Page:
But while it is not uncommon for Bonded by Blood to be heralded as one of the greatest thrash albums ever, I’m usually not too quick to join in the refrain. There’s the certain matter of one Paul Baloff at the mic that dethrones this album in my book. Kicked out of the band shortly after this release for his inability to deliver his lines on time, his shrieking, rabid dog growl is both a perfect vehicle for the lyrical violence and an impediment to the band functioning as a cohesive whole. His vocal energy is contagious in a live setting, but in a studio, bathed with a ridiculous amount of reverb, his efforts are relegated to the weaker end of the spectrum. And with the wit and savagery of Steve Souza right around the corner, Baloff’s performance could easily be forgotten. Additionally, while Rick Hunolt and Gary Holt shred all over this thing, none of the lead guitar moments are particularly memorable either. And while I’m in a wishing mood, I guess I’d prefer a more polished production too.
But faults aside, Bonded by Blood is still packed with classics and anyone interested in thrash metal should have the opportunity to hear it. It’s not one of my favorites, but most of this site’s reviewers would think me mad for saying so. But I’m saying it anyway, so take it as you will.
My Picks: “And Then There Were None,” “Piranha,” “Strike of the Beast”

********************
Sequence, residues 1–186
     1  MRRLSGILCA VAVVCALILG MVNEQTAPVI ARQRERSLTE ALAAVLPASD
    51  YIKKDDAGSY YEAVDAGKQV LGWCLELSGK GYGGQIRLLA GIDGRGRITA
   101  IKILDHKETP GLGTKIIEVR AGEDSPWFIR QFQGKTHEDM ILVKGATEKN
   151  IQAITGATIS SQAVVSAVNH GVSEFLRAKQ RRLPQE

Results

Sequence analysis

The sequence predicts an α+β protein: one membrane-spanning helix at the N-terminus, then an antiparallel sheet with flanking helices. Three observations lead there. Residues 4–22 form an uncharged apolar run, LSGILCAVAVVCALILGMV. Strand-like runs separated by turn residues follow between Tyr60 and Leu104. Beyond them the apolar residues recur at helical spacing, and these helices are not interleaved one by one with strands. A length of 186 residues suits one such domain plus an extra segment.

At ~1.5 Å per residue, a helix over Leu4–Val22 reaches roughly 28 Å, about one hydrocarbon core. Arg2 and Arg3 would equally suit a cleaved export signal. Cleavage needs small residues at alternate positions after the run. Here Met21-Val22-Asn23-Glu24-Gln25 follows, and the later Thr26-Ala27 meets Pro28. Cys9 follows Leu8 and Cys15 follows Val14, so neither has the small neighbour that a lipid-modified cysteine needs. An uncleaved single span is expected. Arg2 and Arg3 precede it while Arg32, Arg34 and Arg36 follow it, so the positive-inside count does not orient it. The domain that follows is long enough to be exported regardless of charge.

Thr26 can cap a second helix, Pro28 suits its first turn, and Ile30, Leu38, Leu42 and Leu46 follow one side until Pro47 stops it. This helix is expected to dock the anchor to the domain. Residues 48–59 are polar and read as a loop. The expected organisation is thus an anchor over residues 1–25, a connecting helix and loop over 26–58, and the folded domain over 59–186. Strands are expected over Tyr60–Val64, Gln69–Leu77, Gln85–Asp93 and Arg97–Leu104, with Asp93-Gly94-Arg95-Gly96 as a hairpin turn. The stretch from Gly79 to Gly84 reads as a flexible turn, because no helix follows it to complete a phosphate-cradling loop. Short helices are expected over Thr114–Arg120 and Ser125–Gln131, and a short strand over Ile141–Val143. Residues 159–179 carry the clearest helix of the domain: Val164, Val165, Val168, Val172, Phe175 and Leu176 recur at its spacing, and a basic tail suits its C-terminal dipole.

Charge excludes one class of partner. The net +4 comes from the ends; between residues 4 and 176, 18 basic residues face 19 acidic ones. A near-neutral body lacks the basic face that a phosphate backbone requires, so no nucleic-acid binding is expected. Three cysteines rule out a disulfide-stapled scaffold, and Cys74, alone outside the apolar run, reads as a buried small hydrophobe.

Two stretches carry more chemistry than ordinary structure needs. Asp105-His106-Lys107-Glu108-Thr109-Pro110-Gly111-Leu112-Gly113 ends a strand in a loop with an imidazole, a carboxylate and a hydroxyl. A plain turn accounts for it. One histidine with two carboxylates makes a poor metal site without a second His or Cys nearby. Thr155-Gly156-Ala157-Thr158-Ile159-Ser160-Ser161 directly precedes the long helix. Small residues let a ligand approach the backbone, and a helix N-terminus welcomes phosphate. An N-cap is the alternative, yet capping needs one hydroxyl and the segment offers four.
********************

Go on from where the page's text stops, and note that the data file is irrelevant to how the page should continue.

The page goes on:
Yes, here comes the praise, again. Bonded By Blood is simply one of the greatest thrash metal albums of all time. This release truly defines what metal should be with its relentless delivery and attitude.
Shit, don't get me started on the "attitude" that this album possesses. I don't think I've ever heard a metal album in my life with as much of that as this one. It's an anti-social, rude, violent and in-your-face collection of songs, and fuck, I love that.
For a while back, before I had listened to this one, I'd heard and seen the amount of praise this album has been given over the years. Now I didn't instantly write it off, but I thought "how could it be THAT good?" Releases such as Master Of Puppets and Reign In Blood have been given a crazy amount of praise too, but to me both those albums are pretty overrated (no, I didn't say they were "bad"). I finally had a listen to Bonded By Blood after hearing how good it was. I'm glad I did.
What an insane album. With such an over-the-top, almost comical sense of violence, but also a dark one, its hard not to enjoy this. The album is just relentless. Its also full of cliches, but heavy metal cliches never hurt anyone!
This album is so consistent that all of the songs are thrash classics, but songs such as "Piranha" or "No Love" are just insanely evil and fun. I've really enjoyed the early thrash albums as they've usually had a lot of NWOBHM influence, and this one is no different, many of the riffs are very "classic metal"-like.
The production is a bit weird, but cool. Paul's vocals echo heaps, which for some reason I enjoy. The guitars are a little thin, but the riffs still sound utterly brutal. The drums sound rather nice too, again kinda loud and in-your-face.
Ladies and gentlemen, put on your leather and studs, it's time to kill some posers.